Halfway through our last leg, I agreed with Roland that this trip was really much better than it looked on paper. No one likes to fly the all-nighter trips, but this one really wasn't that bad. In fact, I prefer this flying over the early morning flights we have to Miami and then to the islands. But I just couldn't see switching to domestic, since I'd miss the Caribbean and European flying.
Everyone has different priorities though, and that's one of the benefits of working for such a large company. My brother is also a pilot here, and he prefers domestic flying for the most part. Recently the 777 captain position has become within his reach and he's seriously considering flying from Chicago to our 777 destinations of Shanghai, New Delhi, Moscow and London. This would be a dream for me since it would at least give me something new to write about and it would also pay more, but Kurt's really having to think it over. I may just have to jumpseat with him on one of those trips if he decides to take the plunge. Ten years ago I rode with him from Seattle to Tokyo when he was flying as a co-pilot on the MD-11.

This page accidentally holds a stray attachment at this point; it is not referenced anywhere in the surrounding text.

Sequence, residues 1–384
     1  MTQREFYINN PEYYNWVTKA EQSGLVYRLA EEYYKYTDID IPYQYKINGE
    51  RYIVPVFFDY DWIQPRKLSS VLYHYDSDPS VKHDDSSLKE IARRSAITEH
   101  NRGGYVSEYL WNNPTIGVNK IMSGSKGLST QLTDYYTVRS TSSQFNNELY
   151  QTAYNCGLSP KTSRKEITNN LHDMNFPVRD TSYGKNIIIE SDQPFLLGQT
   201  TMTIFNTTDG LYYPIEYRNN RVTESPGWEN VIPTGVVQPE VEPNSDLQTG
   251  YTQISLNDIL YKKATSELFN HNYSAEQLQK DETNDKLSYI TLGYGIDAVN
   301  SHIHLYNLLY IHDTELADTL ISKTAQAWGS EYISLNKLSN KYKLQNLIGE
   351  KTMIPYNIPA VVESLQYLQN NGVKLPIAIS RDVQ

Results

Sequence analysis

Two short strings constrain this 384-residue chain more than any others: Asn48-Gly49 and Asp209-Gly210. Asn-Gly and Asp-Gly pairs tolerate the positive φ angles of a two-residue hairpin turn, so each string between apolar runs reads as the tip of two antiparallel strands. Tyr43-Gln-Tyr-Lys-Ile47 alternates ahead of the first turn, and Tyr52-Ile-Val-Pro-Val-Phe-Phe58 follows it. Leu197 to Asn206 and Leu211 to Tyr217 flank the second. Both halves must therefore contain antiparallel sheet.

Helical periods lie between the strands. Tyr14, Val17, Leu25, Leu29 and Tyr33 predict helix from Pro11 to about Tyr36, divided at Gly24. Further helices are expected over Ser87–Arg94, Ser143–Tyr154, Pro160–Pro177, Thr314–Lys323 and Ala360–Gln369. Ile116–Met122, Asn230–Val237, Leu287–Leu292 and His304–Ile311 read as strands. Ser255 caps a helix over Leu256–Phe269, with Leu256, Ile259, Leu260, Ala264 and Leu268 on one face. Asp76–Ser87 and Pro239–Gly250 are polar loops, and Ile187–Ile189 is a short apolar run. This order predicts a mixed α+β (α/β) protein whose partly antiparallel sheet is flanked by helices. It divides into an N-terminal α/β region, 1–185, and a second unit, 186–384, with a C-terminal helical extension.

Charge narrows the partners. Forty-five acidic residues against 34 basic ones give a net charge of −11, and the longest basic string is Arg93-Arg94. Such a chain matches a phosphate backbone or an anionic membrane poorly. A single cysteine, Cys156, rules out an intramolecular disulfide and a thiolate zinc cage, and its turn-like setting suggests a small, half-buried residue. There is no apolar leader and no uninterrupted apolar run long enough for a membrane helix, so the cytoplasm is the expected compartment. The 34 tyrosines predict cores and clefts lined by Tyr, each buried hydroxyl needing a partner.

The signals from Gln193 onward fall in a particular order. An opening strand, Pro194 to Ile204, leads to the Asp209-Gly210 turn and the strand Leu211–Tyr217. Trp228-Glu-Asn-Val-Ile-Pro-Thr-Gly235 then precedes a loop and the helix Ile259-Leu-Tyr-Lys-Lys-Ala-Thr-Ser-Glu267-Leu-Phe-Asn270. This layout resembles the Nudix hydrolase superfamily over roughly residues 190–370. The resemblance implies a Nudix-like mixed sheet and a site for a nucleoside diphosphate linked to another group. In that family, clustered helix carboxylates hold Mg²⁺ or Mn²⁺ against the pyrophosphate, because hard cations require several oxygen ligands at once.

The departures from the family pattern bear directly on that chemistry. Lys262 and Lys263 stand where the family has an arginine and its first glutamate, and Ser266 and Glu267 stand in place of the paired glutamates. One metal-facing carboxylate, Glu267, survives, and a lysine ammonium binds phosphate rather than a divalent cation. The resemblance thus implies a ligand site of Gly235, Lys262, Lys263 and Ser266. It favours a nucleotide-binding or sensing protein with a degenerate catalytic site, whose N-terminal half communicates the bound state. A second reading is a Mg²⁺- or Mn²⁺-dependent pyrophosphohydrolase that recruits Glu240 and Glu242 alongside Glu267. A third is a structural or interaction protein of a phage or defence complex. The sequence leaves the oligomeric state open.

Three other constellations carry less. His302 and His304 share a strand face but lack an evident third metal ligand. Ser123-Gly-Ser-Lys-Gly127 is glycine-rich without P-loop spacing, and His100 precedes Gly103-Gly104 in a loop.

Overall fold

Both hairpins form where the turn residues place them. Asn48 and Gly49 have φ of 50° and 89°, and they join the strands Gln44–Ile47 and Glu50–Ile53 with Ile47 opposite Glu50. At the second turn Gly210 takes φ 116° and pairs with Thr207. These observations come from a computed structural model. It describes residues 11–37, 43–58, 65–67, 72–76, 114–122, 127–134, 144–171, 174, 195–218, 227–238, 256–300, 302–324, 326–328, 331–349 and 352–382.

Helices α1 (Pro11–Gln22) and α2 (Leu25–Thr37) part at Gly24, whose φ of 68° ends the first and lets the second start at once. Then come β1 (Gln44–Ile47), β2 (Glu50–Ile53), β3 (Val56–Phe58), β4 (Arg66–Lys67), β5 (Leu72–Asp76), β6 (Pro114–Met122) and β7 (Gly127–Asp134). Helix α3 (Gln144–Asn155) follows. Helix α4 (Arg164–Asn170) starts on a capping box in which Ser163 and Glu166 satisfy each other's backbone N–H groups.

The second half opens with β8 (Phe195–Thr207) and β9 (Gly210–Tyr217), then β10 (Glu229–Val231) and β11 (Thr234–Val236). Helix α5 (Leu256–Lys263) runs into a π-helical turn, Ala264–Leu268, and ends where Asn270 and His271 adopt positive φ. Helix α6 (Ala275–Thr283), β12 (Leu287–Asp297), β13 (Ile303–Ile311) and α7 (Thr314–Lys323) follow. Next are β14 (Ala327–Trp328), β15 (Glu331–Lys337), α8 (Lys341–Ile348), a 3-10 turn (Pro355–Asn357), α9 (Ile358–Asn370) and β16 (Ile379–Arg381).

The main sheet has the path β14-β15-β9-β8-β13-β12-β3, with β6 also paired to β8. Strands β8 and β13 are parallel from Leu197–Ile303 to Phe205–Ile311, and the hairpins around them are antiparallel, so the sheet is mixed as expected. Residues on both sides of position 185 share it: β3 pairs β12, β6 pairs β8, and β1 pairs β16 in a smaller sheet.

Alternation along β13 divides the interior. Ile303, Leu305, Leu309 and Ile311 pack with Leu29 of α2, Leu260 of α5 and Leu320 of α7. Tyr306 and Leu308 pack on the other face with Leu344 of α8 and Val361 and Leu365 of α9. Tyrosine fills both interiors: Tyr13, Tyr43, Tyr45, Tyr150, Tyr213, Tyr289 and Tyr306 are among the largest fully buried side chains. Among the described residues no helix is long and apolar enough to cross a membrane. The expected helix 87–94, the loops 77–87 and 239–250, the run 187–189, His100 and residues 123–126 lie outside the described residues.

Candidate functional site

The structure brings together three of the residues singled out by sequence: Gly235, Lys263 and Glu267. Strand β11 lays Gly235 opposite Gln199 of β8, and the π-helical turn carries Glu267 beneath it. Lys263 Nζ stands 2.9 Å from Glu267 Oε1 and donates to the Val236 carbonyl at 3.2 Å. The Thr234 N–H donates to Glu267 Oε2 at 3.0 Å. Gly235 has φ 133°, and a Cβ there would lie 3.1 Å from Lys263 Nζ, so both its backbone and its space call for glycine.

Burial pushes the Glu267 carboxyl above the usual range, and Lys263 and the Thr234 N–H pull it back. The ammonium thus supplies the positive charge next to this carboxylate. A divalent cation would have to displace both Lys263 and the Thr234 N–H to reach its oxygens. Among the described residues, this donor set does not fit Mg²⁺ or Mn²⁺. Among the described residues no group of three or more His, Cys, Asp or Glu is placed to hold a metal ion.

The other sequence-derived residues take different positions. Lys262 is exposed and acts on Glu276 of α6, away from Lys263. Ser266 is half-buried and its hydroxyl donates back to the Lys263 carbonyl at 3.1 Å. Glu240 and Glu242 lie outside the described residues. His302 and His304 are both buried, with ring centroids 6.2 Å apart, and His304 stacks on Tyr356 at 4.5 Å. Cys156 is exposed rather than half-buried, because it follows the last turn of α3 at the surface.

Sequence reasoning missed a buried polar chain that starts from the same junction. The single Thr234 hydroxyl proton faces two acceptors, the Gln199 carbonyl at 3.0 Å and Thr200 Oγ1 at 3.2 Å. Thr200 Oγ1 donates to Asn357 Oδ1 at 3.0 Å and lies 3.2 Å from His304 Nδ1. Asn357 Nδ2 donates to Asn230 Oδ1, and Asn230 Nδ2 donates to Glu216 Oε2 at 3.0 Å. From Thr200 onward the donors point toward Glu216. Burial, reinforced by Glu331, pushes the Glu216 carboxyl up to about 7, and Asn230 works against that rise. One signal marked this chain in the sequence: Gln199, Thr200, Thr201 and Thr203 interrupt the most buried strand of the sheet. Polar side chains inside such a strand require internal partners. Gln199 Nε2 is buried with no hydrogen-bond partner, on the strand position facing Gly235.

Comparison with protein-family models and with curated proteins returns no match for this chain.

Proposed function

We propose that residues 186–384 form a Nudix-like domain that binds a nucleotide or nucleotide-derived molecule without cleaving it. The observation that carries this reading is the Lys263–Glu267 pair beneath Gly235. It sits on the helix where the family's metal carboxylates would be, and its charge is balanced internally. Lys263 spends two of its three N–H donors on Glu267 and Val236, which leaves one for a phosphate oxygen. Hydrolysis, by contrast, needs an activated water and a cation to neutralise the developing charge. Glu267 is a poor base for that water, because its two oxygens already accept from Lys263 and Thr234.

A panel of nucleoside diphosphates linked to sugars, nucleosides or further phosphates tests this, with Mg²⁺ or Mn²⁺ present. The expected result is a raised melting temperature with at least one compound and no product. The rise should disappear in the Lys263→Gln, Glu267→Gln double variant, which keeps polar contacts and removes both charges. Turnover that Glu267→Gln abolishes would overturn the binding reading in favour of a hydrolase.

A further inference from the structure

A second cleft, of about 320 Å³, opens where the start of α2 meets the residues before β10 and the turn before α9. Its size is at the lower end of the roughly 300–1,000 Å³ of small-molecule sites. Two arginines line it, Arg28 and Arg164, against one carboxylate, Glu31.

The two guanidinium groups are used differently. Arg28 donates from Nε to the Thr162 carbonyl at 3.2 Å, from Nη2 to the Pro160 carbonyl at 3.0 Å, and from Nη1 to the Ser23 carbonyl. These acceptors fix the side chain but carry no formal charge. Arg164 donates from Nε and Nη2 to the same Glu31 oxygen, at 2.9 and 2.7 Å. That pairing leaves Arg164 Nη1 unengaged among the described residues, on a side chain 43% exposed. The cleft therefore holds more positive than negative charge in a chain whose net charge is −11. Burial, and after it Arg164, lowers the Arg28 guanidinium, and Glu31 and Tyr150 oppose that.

I thanked Roland for a great trip as we waited for the bus to the parking lot. I then jumped in my car for the hour-long drive north to New Hampshire. My wife was just getting up with the kids and after a nice welcome home, I went upstairs for some sleep.
I was completely exhausted and delighted to finally fall into my own bed for a much needed rest...
Then crew scheduling called.
They let me know that I'd be needed for another trip in the morning. And of course, it left at o'dark-thirty.
Cockpit Chronicles takes you along on each of Kent's trips as a co-pilot on the Boeing 757 and 767 out of Boston.